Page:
Modeling of Structural and Compositional Homogenization


of Plutonium-1 Weight Percent Gallium Alloys


The microstructure of as-cast Pu-1 wt pct Ga alloys is characterized by extensive Ga microsegregation often referred to as “coring.” This process results in grains that consist of Ga-rich cores (,1.6 wt pct) with Ga-poor (,0.1 wt pct) edges. Cored grains can be homogenized at moderately high (i.e., >400 °C) temperatures, though the time required to achieve chemical homogeneity is not well constrained. In this article, we apply several analytical diffusion modeling techniques to characterize the kinetics of alloy homogenization as a function of time and temperature. We also review the experimental investigations that have used analytical tools such as X-ray diffraction, density, dilatome­try, and electron microprobe analysis to characterize Pu-Ga alloy homogenization. Data from these studies are used as a basis of comparison with modeling results. In particular, Ga coring-profile modeling appears to be a powerful tool for predicting alloy homogenization.


I. INTRODUCTION


SINCE the 1941 discovery of plutonium (Pu) by Glenn Seaborg and colleagues at the University of California, this enigmatic metal has been the subject of intense scientific investigation. Despite these efforts, there is still much to be learned about the unusual physical and mechanical proper­ties of Pu and its alloys. The properties of Pu are a function of the six allotropes it forms during cooling from the melt (640 °C) to room temperature (Figures 1 and 2). A seventh phase, a8, forms below room temperature in low-Al and low-Ga alloys, though the temperature and kinetics of this reaction are not well characterized.[1,2] Most of these phase transformations result in large volume changes and produce crystal structures that have distinctly different physical prop­erties (Figure 1). These unusual characteristics have made the metallurgy of Pu and its alloys particularly challenging. For example, the highest density allotrope, a (monoclinic), is extremely brittle and oxidizes readily. The addition of 1 wt pct Ga stabilizes the face-centered cubic S structure, a phase with superior mechanical properties when compared to a Pu. Other elements can act as S stabilizers, including Al, Si, and In, but the Pu-Ga system has been studied in much more detail than these other systems.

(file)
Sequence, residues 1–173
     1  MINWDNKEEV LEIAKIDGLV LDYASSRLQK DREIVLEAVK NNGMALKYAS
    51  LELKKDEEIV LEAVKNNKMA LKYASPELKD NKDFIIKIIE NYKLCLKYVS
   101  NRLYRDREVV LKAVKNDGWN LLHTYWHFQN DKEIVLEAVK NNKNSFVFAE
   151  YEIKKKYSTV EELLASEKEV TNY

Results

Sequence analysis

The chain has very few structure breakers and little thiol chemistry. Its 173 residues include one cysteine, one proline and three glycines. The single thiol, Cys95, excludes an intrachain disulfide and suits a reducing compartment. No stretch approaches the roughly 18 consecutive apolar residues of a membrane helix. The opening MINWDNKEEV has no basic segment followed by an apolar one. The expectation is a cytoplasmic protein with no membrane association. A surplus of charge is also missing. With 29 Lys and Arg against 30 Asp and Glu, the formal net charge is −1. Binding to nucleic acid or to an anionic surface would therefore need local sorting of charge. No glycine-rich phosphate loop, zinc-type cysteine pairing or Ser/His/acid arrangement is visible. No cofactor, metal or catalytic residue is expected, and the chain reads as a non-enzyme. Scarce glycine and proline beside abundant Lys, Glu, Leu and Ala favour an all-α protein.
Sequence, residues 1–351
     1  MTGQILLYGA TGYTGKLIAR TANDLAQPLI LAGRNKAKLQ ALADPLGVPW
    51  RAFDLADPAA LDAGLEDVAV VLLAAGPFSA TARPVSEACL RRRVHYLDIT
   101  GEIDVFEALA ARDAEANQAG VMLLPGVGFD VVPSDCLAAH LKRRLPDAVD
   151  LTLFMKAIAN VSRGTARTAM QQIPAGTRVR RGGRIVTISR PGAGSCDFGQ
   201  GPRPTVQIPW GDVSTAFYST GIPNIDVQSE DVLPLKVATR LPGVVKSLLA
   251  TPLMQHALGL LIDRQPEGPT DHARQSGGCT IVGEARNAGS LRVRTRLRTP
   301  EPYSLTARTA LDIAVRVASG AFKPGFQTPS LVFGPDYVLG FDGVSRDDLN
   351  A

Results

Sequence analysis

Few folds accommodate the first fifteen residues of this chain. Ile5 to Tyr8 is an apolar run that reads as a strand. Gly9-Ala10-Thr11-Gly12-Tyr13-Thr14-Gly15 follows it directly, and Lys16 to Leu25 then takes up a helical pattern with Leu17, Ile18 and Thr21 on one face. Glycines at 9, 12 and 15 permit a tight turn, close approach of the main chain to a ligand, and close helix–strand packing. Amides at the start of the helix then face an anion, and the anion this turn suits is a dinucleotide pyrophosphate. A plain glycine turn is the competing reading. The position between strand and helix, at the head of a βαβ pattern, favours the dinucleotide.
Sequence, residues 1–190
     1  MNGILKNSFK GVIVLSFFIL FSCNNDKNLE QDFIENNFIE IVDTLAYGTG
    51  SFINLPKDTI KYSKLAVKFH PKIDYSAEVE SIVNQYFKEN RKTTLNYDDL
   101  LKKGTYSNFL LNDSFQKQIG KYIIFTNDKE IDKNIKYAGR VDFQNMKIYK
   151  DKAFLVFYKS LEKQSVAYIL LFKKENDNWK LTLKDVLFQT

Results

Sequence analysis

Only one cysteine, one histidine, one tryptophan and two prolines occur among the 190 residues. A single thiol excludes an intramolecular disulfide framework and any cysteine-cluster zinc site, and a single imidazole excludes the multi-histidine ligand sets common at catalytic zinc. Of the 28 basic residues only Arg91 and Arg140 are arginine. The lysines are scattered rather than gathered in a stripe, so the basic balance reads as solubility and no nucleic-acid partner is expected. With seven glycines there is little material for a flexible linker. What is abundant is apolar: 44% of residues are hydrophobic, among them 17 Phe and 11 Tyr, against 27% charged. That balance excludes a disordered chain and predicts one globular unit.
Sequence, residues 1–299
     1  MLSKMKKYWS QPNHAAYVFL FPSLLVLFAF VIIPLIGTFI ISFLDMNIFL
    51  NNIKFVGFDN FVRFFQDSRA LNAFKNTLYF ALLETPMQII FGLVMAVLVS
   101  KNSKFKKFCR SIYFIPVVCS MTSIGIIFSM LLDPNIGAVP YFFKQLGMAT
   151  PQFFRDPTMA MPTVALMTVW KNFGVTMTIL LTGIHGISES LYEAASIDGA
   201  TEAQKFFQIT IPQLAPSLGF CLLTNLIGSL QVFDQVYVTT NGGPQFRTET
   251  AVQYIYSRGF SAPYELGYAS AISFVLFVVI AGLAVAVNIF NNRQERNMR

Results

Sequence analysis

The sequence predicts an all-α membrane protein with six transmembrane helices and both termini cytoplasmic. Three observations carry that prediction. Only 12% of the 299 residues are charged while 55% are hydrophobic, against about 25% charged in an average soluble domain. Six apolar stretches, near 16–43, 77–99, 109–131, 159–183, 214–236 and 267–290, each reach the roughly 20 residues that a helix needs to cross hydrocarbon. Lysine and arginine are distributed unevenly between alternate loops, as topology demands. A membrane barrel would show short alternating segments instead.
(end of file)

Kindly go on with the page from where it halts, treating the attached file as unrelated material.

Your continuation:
One of the key issues in understanding the phase stability of Pu-1 wt pct Ga is the solid-state microsegregation that occurs during cooling from the melt. This process results in a microstructure consisting of 6--phase grains with Ga-rich cores and Ga-poor edges. The Ga-poor edges are metastable and can transform to a phase during cold working, metallo­


graphic sample preparation, or storage.[1,2,3] Thermally


driven homogenization is required to evenly redistribute Ga and to achieve complete 6--phase stabilization. Homogeniza­tion is a function of the interdiffusion coefficient for Ga in S Pu (,6GPau), and tracking the extent of homogenization is


JEREMY N. MITCHELL, THOMAS G. ZOCCO, and RAMIRO A. PEREYRA, Technical Staff Members, are with the Nuclear Materials Tech­nology Division, Los Alamos National Laboratory, Los Alamos, NM 87545. FRANK E. GIBBS, formerly Technical Staff Member with the Nuclear Materials Technology Division, Los Alamos Laboratory, is with the Rocky Flats Environmental Technology Site-Kaiser Hill, Golden, CO.


Manuscript submitted January 24, 2000.


important in predicting the behavior of the alloy. Although I)GaPu has been measured in several careful diffusion-couple experiments, there has been minimal application of these data toward predicting the homogenization of Pu-Ga alloys. In this article, we discuss the results of analytical models that have been used to determine the homogenization charac­teristics of Pu-Ga alloys. The calculated times required to achieve compositional homogenization and 6--phase stability are compared with experimental data to develop a more detailed understanding of Ga diffusion and the homogeniza­tion kinetics of cored Pu-Ga alloys.


II. BACKGROUND A. Microsegregation in the Pu-Ga System


Phase relations within the Pu-Ga system have been studied in detail[4,5] and provide an initial basis for the understanding of the metallurgical properties of the system. Recent reinves­tigation of the Pu-Ga phase diagram produced by Russian scientists during the 1970s indicates that Ga-stabilized 6­


­


phase Pu may be metastable at room temperature.[6,7] How­ever, the kinetics of transformation to the proposed equilib­rium assemblage a Pu + Pu3Ga are apparently extremely sluggish.[8] The area of focus in this article is the Pu-rich portion of the phase diagram (Figure 2) and, in particular, the two-phase e + S region. The compositional path of a grain of Pu-1 wt pct Ga is depicted in Figure 2. Starting